The action of the Administrative Law Judge was in line with Judge Hays' well-known admonition to the Federal Power Commission that it role as representative of the public interest 'does not permit it to act as an umpire blandly calling balls and strikes for adversaries appearing before it; the right of the public must receive active and affirmative protection at the hands of the Commission.' Scenic Hudson Preservation Conf. v. F.P.C., 354 F.2d 608, 620 (2 Cir. 1965), cert. denied, 384 U.S. 941, 86 S.Ct. 1462, 16 L.Ed. 540 (1966). See also Landis, The Administrative Process 39 (1938); Richardson v. Perales, 402 U.S. 389, 410, 91 S.Ct. 1420, 28 L.Ed.2d 842 (1971). If he had refused to reopen and had dismissed the citation, and OSHRC had affirmed, we might well have ruled this to be the exceptional case where discretion had been so seriously abused as to fall outside the Jersey City decision, supra, 322 U.S. 503, 64 S.Ct. 1129, 88 L.Ed. 1420.7 See Cappadora v. Celebrezze, 356 F.2d 1, 5-7 (2 Cir. 1966); cf. Blue Bird Coach Lines, Inc. v. United States, 328 F.Supp. 1331, 1337-1338 (W.D.N.Y.1971). Here, where the Administrative Law Judge had acted properly, it was clearly an abuse of discretion for OSHRC to reverse him.


Since the record permits only one conclusion on whether Gordon was engaged in a business affecting commerce and it has withdrawn any contest on the merits, we reverse the order of dismissal and remand to OSHRC for the sole purpose of entering a final order enforcing the decision of the Administrative Law Judge.


Reversed and remanded.


The notice from the Administrative Law Judge crossed in the mail a request by the Secretary for a reopening


Ironically in light of the present posture of the case, it was the Secretary who initially petitioned the OSHRC for discretionary review. He objected to the consolidation of the two violations. OSHRC Chairman Moran's direction of review extended well beyond that issue, however, and included among other things the question 'whether the record in this case properly establishes jurisdiction.' On the present petition for review, the Secretary does not press his objection to the consolidation of the two violations; he asks only that the Review Commission be instructed 'to reinstate the administrative law judge's decision as the Commission's final order.'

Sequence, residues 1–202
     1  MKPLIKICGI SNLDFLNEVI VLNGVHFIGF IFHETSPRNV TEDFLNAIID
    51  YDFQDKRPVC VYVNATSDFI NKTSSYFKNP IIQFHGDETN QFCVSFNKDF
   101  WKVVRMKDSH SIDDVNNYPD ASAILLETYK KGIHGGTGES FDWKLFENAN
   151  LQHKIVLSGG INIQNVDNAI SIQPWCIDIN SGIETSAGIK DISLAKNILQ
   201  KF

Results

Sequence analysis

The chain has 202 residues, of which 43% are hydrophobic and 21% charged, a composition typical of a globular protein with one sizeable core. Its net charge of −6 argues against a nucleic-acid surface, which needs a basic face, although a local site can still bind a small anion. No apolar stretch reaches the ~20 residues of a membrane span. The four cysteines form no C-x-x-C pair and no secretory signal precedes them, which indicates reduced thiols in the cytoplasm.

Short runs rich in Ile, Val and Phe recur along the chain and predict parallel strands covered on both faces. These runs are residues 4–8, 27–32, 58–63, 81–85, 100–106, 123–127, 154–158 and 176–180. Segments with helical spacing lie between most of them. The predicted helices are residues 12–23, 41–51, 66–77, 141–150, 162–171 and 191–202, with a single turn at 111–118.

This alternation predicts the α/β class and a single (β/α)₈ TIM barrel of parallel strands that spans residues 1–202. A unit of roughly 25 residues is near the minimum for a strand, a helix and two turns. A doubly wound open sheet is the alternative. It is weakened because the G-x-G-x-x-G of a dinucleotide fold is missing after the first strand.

We have examined the relevant portion of the interim rules, 29 C.F.R. 2200.21 (1972). It is not altogether clear to us that those of the present provisions on which Commissioner Burch relied were 'implicit' in this. Indeed his claim in that regard seems to have rested partly on the fact that the proposed permanent rules were already circulating among those affected, a fact of dubious legal significance and of which we can hardly take judicial notice


Against this, respondents rely heavily on the provision of the Administrative Procedure Act, 5 U.S.C. 557(b), that 'on appeal from or review of the initial decision, the agency has all the powers which it would have in making the initial decision . . ..' This cannot change the fact that in the present case, by contrast to the situation in a case such as Jersey City, all the evidence sought to be considered is already in the record. Cf. note 7 infra


We have no occasion to decide whether that evidence alone would have sufficed


It is somewhat ironical, in light of OSHRC's concern for speed, that more than nine months elapsed between the Chairman's direction for review, see note 2 supra, and the date of decision


The standard to be applied in such a case would be a strict one, however. Although the policies demanding a strict standard of review when an agency has refused to reopen are especially forceful where the request for reopening was based on the alleged staleness of the record, supra, they would also pertain to any situation in which additional proceedings would need to be had after an order had come down. Cf. Kentucky Broadcasting Corp. v. FCC, 84 U.S.App.D.C. 383, 174 F.2d 38, 41-42 (1949). This is to be contrasted with the circumstances of the present case, in which all the evidence sought to be considered is already in the record